ralph beesley
Ralph Beesley called the police after his 13-year-old son allegedly put rat poison in his and his wife's drinksNews10

A 13-year-old boy from Indiana has been arrested and charged after allegedly spiking his parents' drinks with rat poison. Police say the child had become enraged when he was punished for being disobedient and decided to take revenge.

The boy, who has not been identified due to his age, is accused of then shaving pieces off a block of potentially deadly rat poison into a glass of Sprite and bottle of Gatorade.

His father and stepmother drank the spiked beverages while at their home in Seymour before noticing a peculiar aftertaste and seeing white pieces floating in the liquid.

The boy's father, Ralph Beesley, called the police before rushing to hospital with his wife.

"When my wife tried to drink her Sprite, she found a nice chunk of rat poison in there. My youngest came up and told me [my son] put rat poison in her Sprite, my Gatorade and in the milk."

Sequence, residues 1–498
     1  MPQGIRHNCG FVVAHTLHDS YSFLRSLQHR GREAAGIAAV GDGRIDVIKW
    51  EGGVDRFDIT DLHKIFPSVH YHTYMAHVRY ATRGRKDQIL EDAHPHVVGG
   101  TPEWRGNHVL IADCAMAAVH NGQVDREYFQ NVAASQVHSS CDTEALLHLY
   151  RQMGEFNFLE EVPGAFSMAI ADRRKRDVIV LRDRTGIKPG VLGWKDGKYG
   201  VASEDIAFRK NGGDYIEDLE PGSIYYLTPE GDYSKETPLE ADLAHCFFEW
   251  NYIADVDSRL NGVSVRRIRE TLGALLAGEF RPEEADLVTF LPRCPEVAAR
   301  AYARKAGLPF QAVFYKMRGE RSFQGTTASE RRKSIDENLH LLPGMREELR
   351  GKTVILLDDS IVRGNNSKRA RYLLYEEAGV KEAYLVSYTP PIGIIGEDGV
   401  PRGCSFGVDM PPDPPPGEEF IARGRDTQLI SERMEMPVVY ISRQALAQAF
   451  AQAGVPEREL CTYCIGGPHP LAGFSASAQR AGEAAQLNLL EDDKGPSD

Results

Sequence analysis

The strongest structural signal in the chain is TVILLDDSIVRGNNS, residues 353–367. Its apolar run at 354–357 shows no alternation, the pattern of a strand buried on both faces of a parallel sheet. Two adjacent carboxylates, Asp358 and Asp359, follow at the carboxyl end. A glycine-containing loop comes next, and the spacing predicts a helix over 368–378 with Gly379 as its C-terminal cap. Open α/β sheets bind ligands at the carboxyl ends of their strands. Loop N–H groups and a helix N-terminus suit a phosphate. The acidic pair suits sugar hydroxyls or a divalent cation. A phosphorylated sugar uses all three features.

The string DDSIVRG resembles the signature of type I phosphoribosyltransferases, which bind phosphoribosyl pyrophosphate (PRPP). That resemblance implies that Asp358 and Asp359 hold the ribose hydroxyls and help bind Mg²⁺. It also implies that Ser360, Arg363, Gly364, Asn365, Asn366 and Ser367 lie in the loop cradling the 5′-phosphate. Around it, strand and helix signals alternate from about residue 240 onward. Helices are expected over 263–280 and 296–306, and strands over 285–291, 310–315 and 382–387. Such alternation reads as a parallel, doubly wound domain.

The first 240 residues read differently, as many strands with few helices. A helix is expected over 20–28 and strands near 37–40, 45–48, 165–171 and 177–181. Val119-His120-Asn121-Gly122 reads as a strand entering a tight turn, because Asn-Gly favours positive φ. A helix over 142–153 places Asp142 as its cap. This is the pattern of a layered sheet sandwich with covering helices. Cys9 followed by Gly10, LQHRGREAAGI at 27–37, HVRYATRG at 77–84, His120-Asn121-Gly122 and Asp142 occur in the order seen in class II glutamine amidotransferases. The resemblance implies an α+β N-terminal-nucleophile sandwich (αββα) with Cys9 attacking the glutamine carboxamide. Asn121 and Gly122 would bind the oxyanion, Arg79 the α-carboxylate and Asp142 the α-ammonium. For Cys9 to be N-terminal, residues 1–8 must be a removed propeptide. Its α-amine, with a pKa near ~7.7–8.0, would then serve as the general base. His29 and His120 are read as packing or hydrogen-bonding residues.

When asked whether he thought his son was trying to kill him, he replied: "Heck, I think he was trying to get my wife more than me. He don't like my wife, plain and simple. I don't like to see my kid go to jail but something has to try and straighten him up."

The incident, on 30 May, saw the boy arrested and charged with aggravated assault. He is currently in Jackson County Juvenile Detention Center in Brownstown.

Capt Carl Lamb, of Seymour Police Department, said he had never seen an alleged crime like it during his 29-year career in law enforcement. He said: "This is usually something you see on TV shows or on the movies. Life can't be that bad that you want to harm or kill your father or step-mother."

Seymour Police Chief Bill Abbott added: "It's the first one that I recall a juvenile trying to poison his parents, in my career here.

"There has to be some discipline in a family. You can't just let the kids run rampant – and for this kid to go to that extreme measure of trying to poison his parents to make them ill or for whatever reason, there's other ways of handling things. Children have to also understand that your parents are there to be your parents and not necessarily your friend all the time."